By Sandra Dogger Klassen
Most Doggers trace our family back to Obbe Dogger, 1607 Schild, Texel Norde Holland, Netherlands. They took the name Dogger as they were fishermen of the dogfish.
My father Jacob Dogger and his parents Dirk Dogger/Jenneke (Vogelsang) Dogger all from Delft … arrived in Canada in 1923, my father was 4 at the time. They shipped from Rotterdam on the ship Volendam. My dad had other siblings all are gone now but for one sister . I have a copy of my grandparents immigration papers and wedding papers. I am aware, though, my grandfather Dirk came from Friesland.
My grandfather died in Edmonton, Alberta, Canada. Of my omah, I have no memory but through family photos; of their other offspring, I know little as they were a diverse family. Most history was lost to fire of my grandparents home . All I have had until recently has been oral history
My dad (born December 30, 1919 Delft Holland), now 91, resides in a nursing home in Ft Erie, Ontario, Canada. He had me do a search online to Texel Island knowing there were many Doggers there. Coincidentally I was connected with a Miriam Klaasen. Same name different spelling!
Miriam Klaasen, also by co incidence heard from my cousin Llynda Dogger Chapman in Melbourne, and also from Cor Dogger (Els) in Delft within the same time frame, weeks from each of us.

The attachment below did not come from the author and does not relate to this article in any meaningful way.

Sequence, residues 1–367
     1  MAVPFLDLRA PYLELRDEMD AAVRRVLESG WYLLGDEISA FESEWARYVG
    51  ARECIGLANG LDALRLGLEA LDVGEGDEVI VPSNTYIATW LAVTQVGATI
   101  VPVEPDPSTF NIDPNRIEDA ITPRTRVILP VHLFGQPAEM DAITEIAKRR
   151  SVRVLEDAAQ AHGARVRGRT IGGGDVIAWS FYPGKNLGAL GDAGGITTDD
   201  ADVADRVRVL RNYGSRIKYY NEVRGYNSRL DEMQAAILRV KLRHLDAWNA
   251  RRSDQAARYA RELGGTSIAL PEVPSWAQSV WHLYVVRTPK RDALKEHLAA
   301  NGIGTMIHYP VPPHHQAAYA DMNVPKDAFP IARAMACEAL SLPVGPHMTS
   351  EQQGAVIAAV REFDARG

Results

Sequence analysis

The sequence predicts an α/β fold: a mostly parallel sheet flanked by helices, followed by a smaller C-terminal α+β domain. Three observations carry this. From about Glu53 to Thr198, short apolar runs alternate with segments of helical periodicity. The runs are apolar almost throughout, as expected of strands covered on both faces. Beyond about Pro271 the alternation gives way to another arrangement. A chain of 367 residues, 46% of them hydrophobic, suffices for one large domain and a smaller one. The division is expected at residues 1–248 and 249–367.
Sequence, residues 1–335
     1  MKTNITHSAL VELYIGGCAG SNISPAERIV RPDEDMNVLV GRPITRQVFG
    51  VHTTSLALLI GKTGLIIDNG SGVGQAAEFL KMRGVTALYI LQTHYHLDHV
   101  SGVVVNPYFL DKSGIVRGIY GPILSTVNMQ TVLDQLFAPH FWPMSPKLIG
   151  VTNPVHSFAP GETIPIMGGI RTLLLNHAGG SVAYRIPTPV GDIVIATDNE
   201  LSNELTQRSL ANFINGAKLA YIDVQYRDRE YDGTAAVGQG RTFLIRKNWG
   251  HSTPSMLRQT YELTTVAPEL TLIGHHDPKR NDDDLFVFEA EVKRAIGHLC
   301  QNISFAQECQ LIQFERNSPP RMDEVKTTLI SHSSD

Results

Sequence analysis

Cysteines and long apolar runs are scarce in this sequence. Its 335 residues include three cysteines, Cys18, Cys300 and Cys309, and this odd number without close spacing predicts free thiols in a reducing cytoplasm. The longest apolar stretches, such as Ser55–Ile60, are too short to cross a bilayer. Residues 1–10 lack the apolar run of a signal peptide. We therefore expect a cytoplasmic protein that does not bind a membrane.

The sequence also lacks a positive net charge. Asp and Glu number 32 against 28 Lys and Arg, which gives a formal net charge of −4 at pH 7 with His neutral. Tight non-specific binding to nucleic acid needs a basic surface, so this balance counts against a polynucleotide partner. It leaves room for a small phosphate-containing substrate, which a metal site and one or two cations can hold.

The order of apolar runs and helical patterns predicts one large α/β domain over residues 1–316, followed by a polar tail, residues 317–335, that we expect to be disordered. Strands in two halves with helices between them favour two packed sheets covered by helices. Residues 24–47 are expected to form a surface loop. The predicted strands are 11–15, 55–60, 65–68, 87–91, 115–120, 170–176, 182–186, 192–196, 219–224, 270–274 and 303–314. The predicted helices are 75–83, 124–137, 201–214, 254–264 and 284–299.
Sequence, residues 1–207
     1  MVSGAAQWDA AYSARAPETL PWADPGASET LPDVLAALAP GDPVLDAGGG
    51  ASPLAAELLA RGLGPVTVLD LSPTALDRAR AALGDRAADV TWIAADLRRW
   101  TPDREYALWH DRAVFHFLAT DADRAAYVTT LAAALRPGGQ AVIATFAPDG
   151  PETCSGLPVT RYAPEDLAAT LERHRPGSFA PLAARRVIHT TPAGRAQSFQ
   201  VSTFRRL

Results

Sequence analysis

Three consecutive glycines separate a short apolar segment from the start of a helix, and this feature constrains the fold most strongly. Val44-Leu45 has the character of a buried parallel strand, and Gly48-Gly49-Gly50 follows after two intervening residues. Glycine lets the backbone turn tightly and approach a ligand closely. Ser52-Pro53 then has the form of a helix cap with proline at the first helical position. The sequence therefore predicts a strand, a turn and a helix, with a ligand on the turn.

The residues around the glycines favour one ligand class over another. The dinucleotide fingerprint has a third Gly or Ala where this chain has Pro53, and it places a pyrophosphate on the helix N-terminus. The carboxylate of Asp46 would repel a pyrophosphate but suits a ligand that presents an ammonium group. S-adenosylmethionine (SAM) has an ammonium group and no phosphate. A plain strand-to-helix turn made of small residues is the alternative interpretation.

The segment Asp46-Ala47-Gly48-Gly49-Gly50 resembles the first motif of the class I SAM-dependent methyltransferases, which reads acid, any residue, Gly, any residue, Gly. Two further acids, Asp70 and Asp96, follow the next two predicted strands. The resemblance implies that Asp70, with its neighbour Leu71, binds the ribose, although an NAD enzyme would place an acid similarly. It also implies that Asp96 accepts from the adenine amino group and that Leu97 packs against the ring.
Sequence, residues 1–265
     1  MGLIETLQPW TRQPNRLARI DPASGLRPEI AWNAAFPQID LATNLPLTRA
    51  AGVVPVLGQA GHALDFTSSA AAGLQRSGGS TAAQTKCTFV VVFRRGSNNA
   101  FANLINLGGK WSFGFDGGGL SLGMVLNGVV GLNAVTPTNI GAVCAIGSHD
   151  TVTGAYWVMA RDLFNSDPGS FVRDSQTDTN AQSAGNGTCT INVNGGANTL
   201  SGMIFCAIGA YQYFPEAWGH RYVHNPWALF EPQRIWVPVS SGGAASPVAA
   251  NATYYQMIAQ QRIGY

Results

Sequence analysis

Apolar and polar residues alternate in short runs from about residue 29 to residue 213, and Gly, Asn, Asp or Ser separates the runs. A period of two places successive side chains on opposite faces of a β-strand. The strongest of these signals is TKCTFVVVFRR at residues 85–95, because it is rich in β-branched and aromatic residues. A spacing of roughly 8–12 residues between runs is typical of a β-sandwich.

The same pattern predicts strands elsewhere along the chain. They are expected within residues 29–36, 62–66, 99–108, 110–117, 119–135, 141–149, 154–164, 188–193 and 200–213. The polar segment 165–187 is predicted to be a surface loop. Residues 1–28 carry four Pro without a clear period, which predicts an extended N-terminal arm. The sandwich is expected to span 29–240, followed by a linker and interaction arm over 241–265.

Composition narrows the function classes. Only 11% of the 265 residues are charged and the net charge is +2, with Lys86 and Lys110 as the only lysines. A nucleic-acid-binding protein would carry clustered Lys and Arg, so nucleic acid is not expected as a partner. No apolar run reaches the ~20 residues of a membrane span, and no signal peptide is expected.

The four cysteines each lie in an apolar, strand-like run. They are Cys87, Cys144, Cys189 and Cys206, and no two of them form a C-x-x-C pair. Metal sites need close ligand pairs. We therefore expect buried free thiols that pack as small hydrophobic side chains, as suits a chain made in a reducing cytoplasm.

Since then our correspondence has grown to include several more “cousins”. We will, in the next year, put our family trees together … and send them to you.
I had three other siblings, one of whom were deceased aged 26. His two children are to be included within our family tree although they now use the name Marlin … Ah, a fish by any other name!!
There appear to be no more boy “children” in Canada with a Dogger name. My father had a brother Richard (Dick) in Ontario he is now deceased as is his wife my Aunt Gladys.. They had three sons. If I understand correctly two of them were adopted. My cousin Terry (Bev) Dogger in Gravenhurst, Ontario has been known to our family most of my life. He and my brother were friends. He and his wife have one daughter. Of the adopted sons I know of one in Alberta and his son here in our province. They (Forrest and Cheryl) have no children by choice … And that’s the news for today!
For the weather, please tune in to http://www.yr.no/place/Norway/Hav/Dogger_bank/
For Dogger Boats read on:
Fishing boats at Newfoundland, 1822: “The Newfoundland and Labrador cod fishery struggled to remain profitable following the end of the Napoleonic Wars in 1815. Fish prices dropped, competition increased, merchant firms struggled to stay solvent, and fish workers watched their earnings disappear.” http://yachthub.com/list/ed.html?de=65907
Since I have a daughter (Dr Carrie Dyck) living in Newfoundland working at MUN (Memorial University) I am familiar with the words Cod Smack. I have yet to see one though!
For sale: “Fresh from a major recent refit including shipwright, electrical and mechanical work, this well regarded Dogger design is very well presented. With a roomy interior and nice cockpit she is a the ideal cruiser racer. She has a successful racing history could still be competitive on handicap as well as perfect for cruising offshore.” http://yachthub.com/list/ed.html?de=65907
Signing off, Sandra
Audio: Sailing over the Dogger Bank